I was idling time in Waterstones just before Hallowe’en, and this debut novel by Neil Spring leapt out at me. Amongst the dreary-looking missing women / quirky psychopath / grim procedural / overtly horrific horror novels this one seemed to be reaching back into the golden age of ghost stories. (Golden age sounds wrong for ghost stories. The Cobweb-Coloured Age would be better.)
It’s a set of interleaved stories and documents, with a Seventies academic being given a parcel of papers from Sarah Grey, who was a Ghost Hunter back in the 1930s alongside the famous debunker, Harry Price. The manuscript tells the tale of their repeated journeys to Borley Rectory and the queer goings-on – and the queerer people – that they encountered there. Even though most of the book is about long, shivery nights and that creeping, uncertain feel of the uncanny – there is a great warmth to it.
I loved the two main characters – they’re like Art Deco-era Mulder and Scully, both wanting to believe, both attempting to impose scientific rigour on the hair-raising stuff they encounter. Their relationship is endearing and enduring – and not at all cosy. There are gaps in the story and some wonderful conflicts between them. Both are entirely driven and obsessed with engaging with the world of spirits, and every time it seems as if they’ve got irrefutable proof either way – the rug gets pulled from under their feet, or our feet, or both. There are some wonderful twists here – and I daren’t spoil them for you. But hardly anyone is telling the truth, it seems. Even (especially!) our main narrator Sarah is holding secrets back.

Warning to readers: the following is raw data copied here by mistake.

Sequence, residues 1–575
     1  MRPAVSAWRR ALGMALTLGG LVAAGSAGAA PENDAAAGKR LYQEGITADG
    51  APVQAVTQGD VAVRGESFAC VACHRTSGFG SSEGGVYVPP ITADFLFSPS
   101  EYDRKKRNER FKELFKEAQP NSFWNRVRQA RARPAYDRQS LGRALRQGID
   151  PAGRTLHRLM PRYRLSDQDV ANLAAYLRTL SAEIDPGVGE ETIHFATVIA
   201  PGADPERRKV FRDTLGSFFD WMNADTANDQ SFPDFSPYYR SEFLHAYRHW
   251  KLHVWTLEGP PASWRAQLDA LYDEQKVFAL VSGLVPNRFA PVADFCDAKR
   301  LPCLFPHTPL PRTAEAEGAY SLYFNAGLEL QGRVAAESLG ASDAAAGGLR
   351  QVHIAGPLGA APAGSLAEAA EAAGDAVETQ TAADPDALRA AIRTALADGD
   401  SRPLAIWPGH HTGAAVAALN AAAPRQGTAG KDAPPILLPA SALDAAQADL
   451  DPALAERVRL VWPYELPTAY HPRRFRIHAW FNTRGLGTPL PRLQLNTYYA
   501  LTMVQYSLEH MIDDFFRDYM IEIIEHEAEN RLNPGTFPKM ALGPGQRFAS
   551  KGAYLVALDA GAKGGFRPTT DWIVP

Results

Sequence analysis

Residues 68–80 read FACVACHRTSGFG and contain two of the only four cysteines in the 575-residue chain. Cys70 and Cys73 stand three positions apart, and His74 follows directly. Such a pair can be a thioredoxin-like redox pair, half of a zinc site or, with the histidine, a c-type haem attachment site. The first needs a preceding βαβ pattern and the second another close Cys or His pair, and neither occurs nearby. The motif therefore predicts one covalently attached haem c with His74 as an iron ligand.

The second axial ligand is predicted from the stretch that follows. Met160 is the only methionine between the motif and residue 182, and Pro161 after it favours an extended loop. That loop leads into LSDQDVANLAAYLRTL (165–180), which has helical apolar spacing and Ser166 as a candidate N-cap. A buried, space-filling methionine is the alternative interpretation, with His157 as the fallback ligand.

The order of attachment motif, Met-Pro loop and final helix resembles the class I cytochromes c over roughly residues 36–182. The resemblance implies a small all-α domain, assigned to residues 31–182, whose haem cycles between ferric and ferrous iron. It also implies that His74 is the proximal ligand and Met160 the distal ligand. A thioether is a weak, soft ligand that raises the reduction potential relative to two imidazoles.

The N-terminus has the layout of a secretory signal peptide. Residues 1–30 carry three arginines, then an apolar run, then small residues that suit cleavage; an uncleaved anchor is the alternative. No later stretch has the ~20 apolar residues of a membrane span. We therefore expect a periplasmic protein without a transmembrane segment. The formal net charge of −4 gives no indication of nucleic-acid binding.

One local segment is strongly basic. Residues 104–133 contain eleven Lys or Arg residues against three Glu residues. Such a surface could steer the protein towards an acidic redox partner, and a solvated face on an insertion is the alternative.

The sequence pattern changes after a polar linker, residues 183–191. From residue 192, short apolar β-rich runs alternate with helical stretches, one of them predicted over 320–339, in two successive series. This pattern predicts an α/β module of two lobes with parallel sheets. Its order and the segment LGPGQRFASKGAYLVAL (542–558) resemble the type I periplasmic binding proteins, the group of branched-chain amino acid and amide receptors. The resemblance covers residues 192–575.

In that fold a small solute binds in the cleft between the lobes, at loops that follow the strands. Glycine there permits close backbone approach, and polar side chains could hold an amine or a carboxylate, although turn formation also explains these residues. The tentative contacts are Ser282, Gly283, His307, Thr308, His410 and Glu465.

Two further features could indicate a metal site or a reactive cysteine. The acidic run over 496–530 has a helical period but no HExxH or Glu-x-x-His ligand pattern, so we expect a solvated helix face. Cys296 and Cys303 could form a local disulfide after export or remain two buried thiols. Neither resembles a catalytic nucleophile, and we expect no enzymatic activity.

There are hints throughout that, even though this book tells the over-arching story of Sarah and Harry from their first, awkward meeting to their final one, there are other adventures and investigations that we haven’t heard yet. It sounds as if we are being set up for sequels dealing with other excursions into the unknown with these two – and I think they’ll be very welcome.